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Sarah & Lloyd bought a 1965 detached dormer bungalow in need of an upgrade but did not realise how much of an upgrade was required to make it comfortably habitable. After several false starts and amidst a lot of research, they took control; decided what they wanted and joined the Manchester Carbon Co-op. Sarah and Lloyd moved in during the latter construction phase.
Energy Saving Improvements
Low cost improvements
Draught proofing using compressible foam and sealants; Changed copper to plastic pipes and added insulation. Got rid of letter box in door for an external secure drop box. Used an IR camera to find draughts. Loft hatch sealed with compressible foam.
‘Big’ insulation works
External wall insulation, floor insulation, roof replacement with additional insulation, insulated stud walls and sealed holes for pipes, insulated window reveals.
New double glazing A+ rated.
Lighting systems and electrical appliances
LED bulbs, upgraded appliances using Which? Recommendations.
Heating system upgrades
Upgraded to large double fin radiators, insulated pipes, heat exchange extractors, closed combustion wood burner, smart thermostat.
Use solar gain.
Use of sustainable building materials
Reused wood, bricks, paving, foamed glass and wood fibre for insulation.
Any other improvements
Temperature and humidity monitors.
Background and motivations
What motivated you to make these measures?
The house needed repairs and an upgrade as there was virtually no insulation present in the loft etc. There were areas of damp caused by too much vegetation and air tightness was 19ACH.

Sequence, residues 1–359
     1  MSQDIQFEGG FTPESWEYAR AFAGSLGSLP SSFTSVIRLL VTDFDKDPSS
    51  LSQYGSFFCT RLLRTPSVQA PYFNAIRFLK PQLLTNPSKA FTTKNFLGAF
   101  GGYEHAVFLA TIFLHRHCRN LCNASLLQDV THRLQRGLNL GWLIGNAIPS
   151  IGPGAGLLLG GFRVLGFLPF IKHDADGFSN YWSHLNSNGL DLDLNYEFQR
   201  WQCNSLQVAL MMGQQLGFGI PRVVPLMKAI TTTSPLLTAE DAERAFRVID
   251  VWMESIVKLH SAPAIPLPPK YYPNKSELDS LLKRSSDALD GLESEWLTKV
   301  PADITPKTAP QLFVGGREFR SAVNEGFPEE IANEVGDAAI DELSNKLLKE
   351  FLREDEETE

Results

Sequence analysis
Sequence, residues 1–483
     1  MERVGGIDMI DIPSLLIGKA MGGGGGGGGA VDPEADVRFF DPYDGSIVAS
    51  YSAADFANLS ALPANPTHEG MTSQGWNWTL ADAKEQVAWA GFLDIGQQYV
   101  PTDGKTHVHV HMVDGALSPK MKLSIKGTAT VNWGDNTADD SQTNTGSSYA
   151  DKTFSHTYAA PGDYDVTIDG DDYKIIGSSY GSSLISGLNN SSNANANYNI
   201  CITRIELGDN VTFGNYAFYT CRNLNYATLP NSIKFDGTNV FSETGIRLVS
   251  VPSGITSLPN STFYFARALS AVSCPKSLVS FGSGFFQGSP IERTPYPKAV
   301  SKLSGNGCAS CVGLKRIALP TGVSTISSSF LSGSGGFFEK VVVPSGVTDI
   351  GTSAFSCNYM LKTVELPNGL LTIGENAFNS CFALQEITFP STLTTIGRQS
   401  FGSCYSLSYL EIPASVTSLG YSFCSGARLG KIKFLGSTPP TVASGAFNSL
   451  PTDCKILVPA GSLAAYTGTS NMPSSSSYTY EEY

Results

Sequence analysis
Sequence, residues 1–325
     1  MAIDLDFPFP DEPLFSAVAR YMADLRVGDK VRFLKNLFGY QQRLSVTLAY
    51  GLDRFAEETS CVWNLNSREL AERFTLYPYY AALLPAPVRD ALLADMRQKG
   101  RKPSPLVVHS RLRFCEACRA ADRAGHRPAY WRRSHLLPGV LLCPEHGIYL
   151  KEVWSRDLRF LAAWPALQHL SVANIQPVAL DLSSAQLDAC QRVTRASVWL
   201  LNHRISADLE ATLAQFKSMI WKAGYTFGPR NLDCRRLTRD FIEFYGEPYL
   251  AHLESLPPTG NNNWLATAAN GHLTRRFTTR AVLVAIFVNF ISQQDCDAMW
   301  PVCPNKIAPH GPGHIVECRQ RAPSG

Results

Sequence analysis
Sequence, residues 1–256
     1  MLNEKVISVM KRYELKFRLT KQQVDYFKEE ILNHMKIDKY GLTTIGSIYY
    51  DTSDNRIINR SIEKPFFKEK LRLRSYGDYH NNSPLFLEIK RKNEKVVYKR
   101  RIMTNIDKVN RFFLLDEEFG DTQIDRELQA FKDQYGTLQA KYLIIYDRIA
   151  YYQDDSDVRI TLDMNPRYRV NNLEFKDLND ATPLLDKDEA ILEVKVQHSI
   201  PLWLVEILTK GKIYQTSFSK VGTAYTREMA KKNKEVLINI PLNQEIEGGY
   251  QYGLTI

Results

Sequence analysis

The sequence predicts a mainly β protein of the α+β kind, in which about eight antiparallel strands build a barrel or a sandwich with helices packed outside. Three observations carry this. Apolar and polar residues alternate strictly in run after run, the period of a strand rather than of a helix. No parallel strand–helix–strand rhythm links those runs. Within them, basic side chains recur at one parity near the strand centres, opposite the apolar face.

Why did you choose these particular measures?
Boost comfort and energy efficiency for habitation.
What did the work entail for you? Did you do works yourself or hire someone else? How did you find and choose a builder/supplier?
We had great difficulty finding contractors to even quote, never mind making the house habitable and doing the eco-improvements to the standard we wanted. In the end I did most of the internal work (insulation, floor & ceiling and part of roof) myself and project managed the rest.
What difference has these measures made in your home (e.g., reduced energy use, saved money on bills, more comfortable)? If you track any changes quantitatively, how do you do this?
EPC heat demand was 271kWh/m2/ year (calculated was 570kWh/m2/ year) - current heat demand <25 kWh/m2/ year. We currently use monitors for temperature, humidity and carbon dioxide.
What key dos and don'ts would you pass on to someone considering these works?
Thoroughly investigate the whole house before starting and do jobs sequentially to minimise disruption. Start monitoring performance before work is done and throughout as it can pick up problems.
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